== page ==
It should be appreciated by those skilled in the art that the particular recovery mechanism implemented for a particular task can be task or process dependent. For example, a developer, having identified a particular task as being likely to experience a time-out condition or otherwise being important as affecting overall system operation or performance, can determine a reasonable time period in which the task should complete operation. Further, the developer can determine a suitable recovery mechanism to implement in the event that the particular task does not complete execution within the specified time period. Still, these determinations can be made by a system administrator. In that case, the system administrator can access the configuration file and make updates within the scope allowable by the SM agent 120 as necessary. In any case, the invention disclosed herein enables the application, in effect, to determine which phases of execution are susceptible to error and deal with those phases accordingly.
The error recovery component 130 can start timers, reset timers, implement a designated recovery mechanism in the case where a task does not complete execution within the allotted time period, and coordinate operation of components of the SM agent 120 with requests received by the API 150. The hash table 145 can be used to track enabled timers. For example, the error recovery component 130 of the SM agent can make an entry in the hash table 145 for each enabled timer. The API 150 can provide an interface to the SM agent 120 and the computer programs 160A through 160E. In particular, the API 150 can provide specific calls for starting timers and stopping timers which can be accessed by computer programs 160A through 160E.
The aforementioned components can be realized in hardware, software, or a combination of hardware and software. The present invention can be realized in a centralized fashion in one computer system, or in a distributed fashion where different elements are spread across several interconnected computer systems. Any kind of computer system or other apparatus adapted for carrying out the methods described herein is suited. As mentioned, a typical combination of hardware and software can be a general purpose computer system with a computer program that, when being loaded and executed, controls the computer system such that it carries out the methods described herein. The present invention also can be embedded in a computer program product, which comprises all the features enabling the implementation of the methods described herein, and which when loaded in a computer system is able to carry out these methods.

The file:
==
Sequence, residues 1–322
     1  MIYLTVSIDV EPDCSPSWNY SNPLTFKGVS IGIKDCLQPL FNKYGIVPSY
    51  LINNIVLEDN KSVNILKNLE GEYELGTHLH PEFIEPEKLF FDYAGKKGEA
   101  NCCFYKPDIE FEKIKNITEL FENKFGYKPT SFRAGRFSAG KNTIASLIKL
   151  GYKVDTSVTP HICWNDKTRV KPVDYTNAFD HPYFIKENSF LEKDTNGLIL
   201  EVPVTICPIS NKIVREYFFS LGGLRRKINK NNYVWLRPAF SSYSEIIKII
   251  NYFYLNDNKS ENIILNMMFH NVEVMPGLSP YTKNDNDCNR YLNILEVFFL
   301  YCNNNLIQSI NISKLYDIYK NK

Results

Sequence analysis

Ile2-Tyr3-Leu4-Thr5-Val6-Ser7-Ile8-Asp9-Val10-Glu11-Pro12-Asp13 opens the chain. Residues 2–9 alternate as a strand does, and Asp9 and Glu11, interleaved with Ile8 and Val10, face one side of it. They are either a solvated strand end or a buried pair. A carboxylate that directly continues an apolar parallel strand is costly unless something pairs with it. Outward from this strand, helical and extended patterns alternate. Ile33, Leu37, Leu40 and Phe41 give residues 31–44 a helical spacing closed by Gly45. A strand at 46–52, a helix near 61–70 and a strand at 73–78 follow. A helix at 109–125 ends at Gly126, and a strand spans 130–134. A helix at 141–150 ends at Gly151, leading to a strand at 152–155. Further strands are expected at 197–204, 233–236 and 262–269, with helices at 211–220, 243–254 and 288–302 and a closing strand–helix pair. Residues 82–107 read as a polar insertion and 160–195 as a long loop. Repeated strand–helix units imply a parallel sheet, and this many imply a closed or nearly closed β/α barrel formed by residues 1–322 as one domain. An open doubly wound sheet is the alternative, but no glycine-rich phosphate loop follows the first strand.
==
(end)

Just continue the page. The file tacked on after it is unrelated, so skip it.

Computer program or application in the present context means any expression, in any language, code or notation, of a set of instructions intended to cause a system having an information processing capability to perform a particular function either directly or after either or both of the following: a) conversion to another language, code or notation; b) reproduction in a different material form. The present invention can be suited for managing Java resources. Accordingly, the invention can be implemented using Java Management Extensions (JMX). For example, a JMX management bean interface, also referred to as an “M-Bean”, can be used to start and stop timers. Still, the invention is not so limited and can be implemented using any of a variety of other programming languages capable of implementing the configurations disclosed herein.
Once the request to start a particular timer is received by the SM agent 120, the timer can be enabled and configured according to the parameters defined within the configuration file. For example, the SM agent 120 can begin a “timer” thread which can sleep for the number of seconds specified by the timer properties in the configuration file. Still, the timer can be implemented within a process separate from the time-out susceptible task such that if the task experiences an error condition, it will not likely affect the timer. Although